Sunday, December 19, 2010

*229. CLARK AIR BASE HOSPITAL: "Medical Center of Southeast Asia"

CALL THE DOCTOR VERY QUICK. USAF Clark Hospital, "Asia's Military Medical Center", figured prominently during the Vietnam War years. Wounded or injured military were flown from Vietnam for treatment in this full service hospital. Staffed with American and Filipino medical specialists, the base hospital served the medical needs of American civilians as well as Filipinos. Ca. 1966.

Whenever I pass by the duty free shops of the new Clark Field, I can’t help but notice the sorry remains of the USAF Hospital Clark, located at the back of McDonald’s. Once touted in the ‘60s as “Asia’s Military Medical Center”, only the ruins of the Clark Hospital now stands, itself a victim of the Pinatubo eruption, its contents long lost to thieves and looter, and then left to the elements to decay.

Though covered and overgrown with weeds and foliage, I could still make out the shell of the building with its signature fa├žade lined with ceramics. In recent years , the hospital site has become the favorite haunt of ghost-hunters and thrill-seekers, who go there in search of a good scare, hoping to find spectral apparitions and other spirits.

In its time however, the Clark Hospital was the savior of thousands of American military men and their families, and is recognized for its exceptional medical services and treatment of soldiers during the Vietnam War. At the height of the War, 70% of patients were soldiers who sustained varying degrees of injuries in the battlefields.

Opening its doors in December 1964, the new Clark Air Base Hospital was built in the early ‘60s for $5 million, to answer the primary health care of U.S. military personnel and their dependents stationed not only in the Philippines, but all over Southeast Asia. It had the most modern facilities for almost all kinds of medical care , except heart surgery and neurosurgery. It had a Laboratory, X-ray facilities, a Pharmacy, and an efficient Emergency Room open 24/7.

In 1966, under the directorship of Col. William Hernquist, the out-patient service routinely treats 17,000 patients per month, while it dental services department takes on about 35,000 cases. The hospital personnel is mostly American, including its nursing staff. Essentially a military institution, rules are strict at the Clark Hospital, especially with regards to patient confidentiality and access to the wards where the patients are.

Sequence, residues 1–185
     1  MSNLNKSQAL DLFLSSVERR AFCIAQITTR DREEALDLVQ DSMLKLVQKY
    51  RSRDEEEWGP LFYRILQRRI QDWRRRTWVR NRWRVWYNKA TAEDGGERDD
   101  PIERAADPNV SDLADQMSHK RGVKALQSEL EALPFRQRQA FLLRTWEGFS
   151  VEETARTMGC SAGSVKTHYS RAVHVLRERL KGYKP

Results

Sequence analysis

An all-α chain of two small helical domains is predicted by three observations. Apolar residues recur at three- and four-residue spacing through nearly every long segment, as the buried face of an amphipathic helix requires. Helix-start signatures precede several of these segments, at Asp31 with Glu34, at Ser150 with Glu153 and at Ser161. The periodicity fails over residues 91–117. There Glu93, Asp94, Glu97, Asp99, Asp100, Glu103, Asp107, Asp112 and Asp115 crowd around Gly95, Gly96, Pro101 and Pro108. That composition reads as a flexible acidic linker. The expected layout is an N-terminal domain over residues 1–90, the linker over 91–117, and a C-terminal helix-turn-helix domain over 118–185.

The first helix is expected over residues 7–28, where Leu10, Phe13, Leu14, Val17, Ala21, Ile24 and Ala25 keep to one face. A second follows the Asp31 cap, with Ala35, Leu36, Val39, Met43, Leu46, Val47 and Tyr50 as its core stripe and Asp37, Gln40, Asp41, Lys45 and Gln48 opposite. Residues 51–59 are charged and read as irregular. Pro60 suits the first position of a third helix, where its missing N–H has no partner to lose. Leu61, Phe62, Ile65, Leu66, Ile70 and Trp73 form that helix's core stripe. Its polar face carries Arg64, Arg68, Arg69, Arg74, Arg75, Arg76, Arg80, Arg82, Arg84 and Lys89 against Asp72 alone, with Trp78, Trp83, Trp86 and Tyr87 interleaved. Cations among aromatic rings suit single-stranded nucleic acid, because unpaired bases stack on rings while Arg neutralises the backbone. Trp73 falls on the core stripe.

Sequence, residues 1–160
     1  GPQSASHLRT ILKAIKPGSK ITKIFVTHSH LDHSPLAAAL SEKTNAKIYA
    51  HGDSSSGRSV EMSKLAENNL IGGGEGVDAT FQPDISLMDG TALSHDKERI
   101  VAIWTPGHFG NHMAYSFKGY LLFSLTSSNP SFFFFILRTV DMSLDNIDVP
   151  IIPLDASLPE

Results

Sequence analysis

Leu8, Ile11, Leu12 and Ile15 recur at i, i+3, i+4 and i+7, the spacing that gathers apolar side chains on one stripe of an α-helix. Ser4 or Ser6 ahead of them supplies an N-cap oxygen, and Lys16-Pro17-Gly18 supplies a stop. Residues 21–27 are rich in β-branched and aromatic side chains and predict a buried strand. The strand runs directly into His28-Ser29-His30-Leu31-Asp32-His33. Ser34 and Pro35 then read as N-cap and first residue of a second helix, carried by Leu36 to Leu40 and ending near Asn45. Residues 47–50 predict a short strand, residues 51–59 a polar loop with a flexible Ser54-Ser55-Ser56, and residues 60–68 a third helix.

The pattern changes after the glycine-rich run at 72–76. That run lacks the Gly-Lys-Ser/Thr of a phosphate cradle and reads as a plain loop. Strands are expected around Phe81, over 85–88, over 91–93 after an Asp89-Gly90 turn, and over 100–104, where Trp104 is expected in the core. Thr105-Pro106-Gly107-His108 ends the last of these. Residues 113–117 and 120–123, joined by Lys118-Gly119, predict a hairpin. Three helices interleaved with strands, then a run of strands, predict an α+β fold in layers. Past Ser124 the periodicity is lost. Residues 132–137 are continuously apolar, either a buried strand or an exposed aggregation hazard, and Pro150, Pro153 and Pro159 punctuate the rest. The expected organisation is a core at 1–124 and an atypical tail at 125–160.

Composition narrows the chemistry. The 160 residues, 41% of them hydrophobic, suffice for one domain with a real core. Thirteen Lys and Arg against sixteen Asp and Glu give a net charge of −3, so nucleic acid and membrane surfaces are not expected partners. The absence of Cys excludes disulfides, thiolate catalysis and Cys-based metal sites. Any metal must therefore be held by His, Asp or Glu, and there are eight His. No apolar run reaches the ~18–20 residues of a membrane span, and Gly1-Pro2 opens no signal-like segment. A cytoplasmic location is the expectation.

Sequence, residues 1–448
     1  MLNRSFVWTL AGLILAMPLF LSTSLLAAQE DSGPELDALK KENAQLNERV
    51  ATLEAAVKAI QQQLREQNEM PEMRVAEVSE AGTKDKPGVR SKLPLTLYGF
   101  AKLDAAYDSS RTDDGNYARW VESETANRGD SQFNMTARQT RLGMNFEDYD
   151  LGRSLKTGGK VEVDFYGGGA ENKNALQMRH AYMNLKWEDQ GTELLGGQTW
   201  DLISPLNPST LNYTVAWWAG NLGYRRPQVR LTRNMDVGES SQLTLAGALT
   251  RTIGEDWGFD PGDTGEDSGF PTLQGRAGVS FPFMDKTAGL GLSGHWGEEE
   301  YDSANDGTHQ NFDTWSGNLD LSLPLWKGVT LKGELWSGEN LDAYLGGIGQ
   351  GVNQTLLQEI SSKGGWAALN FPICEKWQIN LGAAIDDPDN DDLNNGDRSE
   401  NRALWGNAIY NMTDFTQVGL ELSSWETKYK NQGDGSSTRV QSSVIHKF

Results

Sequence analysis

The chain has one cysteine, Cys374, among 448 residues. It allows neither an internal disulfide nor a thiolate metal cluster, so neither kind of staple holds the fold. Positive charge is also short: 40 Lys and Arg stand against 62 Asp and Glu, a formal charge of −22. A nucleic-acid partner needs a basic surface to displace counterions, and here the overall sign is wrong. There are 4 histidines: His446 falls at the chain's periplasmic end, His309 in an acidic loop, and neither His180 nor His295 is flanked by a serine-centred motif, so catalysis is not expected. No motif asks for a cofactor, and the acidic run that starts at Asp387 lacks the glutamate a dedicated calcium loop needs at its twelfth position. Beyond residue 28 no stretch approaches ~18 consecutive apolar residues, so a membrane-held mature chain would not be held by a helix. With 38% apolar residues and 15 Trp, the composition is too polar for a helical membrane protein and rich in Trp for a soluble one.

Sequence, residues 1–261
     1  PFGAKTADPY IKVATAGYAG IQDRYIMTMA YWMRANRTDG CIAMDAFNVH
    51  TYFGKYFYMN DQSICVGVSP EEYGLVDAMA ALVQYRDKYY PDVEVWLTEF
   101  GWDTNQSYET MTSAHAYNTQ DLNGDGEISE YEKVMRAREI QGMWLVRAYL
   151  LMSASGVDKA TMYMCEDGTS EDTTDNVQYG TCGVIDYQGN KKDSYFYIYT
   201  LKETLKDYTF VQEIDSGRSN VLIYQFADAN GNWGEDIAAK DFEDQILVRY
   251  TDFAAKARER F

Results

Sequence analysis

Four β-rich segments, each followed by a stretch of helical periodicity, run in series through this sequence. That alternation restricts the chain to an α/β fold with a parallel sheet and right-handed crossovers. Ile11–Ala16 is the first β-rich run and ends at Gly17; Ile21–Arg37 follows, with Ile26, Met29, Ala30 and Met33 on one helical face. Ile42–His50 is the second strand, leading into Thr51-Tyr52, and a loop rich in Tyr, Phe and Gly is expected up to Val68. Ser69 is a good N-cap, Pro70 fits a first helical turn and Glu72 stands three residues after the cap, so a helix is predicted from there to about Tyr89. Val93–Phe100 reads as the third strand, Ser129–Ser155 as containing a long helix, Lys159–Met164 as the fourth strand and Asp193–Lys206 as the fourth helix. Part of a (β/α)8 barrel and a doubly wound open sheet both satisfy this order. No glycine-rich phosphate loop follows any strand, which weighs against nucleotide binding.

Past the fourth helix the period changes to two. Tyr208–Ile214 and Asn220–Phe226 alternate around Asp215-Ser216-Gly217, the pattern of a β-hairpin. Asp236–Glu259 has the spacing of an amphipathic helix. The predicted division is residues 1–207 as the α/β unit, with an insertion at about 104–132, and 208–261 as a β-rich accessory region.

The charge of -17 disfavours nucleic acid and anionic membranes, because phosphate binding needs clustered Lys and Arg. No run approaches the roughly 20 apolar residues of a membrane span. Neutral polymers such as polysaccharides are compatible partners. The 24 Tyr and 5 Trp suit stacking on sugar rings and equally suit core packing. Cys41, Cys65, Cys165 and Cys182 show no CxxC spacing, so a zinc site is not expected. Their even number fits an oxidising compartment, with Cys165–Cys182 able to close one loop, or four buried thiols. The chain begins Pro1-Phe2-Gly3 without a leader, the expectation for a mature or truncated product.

Interestingly, the hospital also offered specialized training services to local medical residents in the fields of veterinary medicine, sanitation, immunization and public health care. In 1966, the American hospital had 21 Filipino medics, --mostly graduates from Manila schools-- under its training program, detailed in the medical, pediatric and orthopedic wards. They were paid from only Php 200-300 monthly, but with free board and lodging.

The reputation of USAF Hospital Clark as the ‘Medical Center of Southeast Asia’ continued through the 70s and 80s, only to end with eruption of Mount Pinatubo that buried and severely damage the hospital in 1991. The biggest blow yet were the pillagers who looted and stripped the building of its world-class equipment like hospital beds, operating tables, incubators, oxygen tanks, medicine cabinets, wheelchairs and walkers. Even glass doors, lavatory parts and bedpans made their appearance for re-sale in the second-hand shops of Dau.

In a twist of irony, the death of the hospital gave post-Pinatubo Dau—which had depended on its PX goods shops-- a new lease on its life by jumpstarting a new enterprise. Today, Mabalacat’s most prosperous barangay has a growing medical supply business, thriving alongside stores that sell consumer durables, household tools and auto and agricultural machinery. Proving once and for all that in heath, there indeed,wealth.



I just ran into this post of your Christine and found it so very intereting, I'm a very curious person about the worl and it's people. I love to learn all this, thank yu so much for sharing with us such amazing stories, about amazing people from your beautiful country-


alex r. castro said...

Thanks for your nice words. Appreciate it!

Jack Jackson said...

Alex, I was stationed at USAF Medical Center, Clark, from 1967 - 1969. I was a young Airman and this was my first Air Force assignment. Seeing this view of the hospital brings back lots of memories. I was a Surgical Technician and during the Viet Nam War we worked 14 - 16 hours sometimes trying to save the wounded. Jack Jackason

alex r. castro said...

Well, we only have these picture to remember the hospital by. It's now in ruis, and overgrown with foliage, deserted and pillaged at the height of the Pinatubo eruption.